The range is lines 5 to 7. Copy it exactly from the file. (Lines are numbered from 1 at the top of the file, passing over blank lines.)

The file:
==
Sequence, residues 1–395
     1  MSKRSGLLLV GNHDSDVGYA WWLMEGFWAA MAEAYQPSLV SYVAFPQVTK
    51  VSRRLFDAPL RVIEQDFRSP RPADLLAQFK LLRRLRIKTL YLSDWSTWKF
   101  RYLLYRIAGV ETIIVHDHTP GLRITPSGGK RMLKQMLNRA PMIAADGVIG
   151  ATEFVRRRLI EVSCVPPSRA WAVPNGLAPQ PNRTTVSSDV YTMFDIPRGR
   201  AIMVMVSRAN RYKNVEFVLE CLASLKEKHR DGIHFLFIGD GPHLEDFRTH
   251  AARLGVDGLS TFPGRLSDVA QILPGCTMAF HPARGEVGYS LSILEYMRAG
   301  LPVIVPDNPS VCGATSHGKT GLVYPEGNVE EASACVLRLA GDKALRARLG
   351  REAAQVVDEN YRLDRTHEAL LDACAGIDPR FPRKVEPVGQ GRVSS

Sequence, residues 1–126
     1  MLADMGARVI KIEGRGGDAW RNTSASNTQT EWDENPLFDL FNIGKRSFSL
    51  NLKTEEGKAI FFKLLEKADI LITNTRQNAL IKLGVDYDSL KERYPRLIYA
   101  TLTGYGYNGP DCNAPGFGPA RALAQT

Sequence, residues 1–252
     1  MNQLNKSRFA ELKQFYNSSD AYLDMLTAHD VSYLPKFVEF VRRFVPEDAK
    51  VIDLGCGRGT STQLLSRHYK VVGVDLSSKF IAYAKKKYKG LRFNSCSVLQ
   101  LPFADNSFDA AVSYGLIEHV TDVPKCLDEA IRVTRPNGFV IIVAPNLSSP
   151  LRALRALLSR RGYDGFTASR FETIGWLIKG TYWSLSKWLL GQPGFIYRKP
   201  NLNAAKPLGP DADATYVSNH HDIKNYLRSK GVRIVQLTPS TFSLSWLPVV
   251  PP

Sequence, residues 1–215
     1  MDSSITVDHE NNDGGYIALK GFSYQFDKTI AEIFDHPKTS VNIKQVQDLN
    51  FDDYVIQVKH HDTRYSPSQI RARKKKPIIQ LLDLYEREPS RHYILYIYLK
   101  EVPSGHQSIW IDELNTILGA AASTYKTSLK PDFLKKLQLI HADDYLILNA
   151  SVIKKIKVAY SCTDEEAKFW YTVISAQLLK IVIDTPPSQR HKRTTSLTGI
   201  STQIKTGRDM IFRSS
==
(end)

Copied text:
   151  ATEFVRRRLI EVSCVPPSRA WAVPNGLAPQ PNRTTVSSDV YTMFDIPRGR
   201  AIMVMVSRAN RYKNVEFVLE CLASLKEKHR DGIHFLFIGD GPHLEDFRTH
   251  AARLGVDGLS TFPGRLSDVA QILPGCTMAF HPARGEVGYS LSILEYMRAG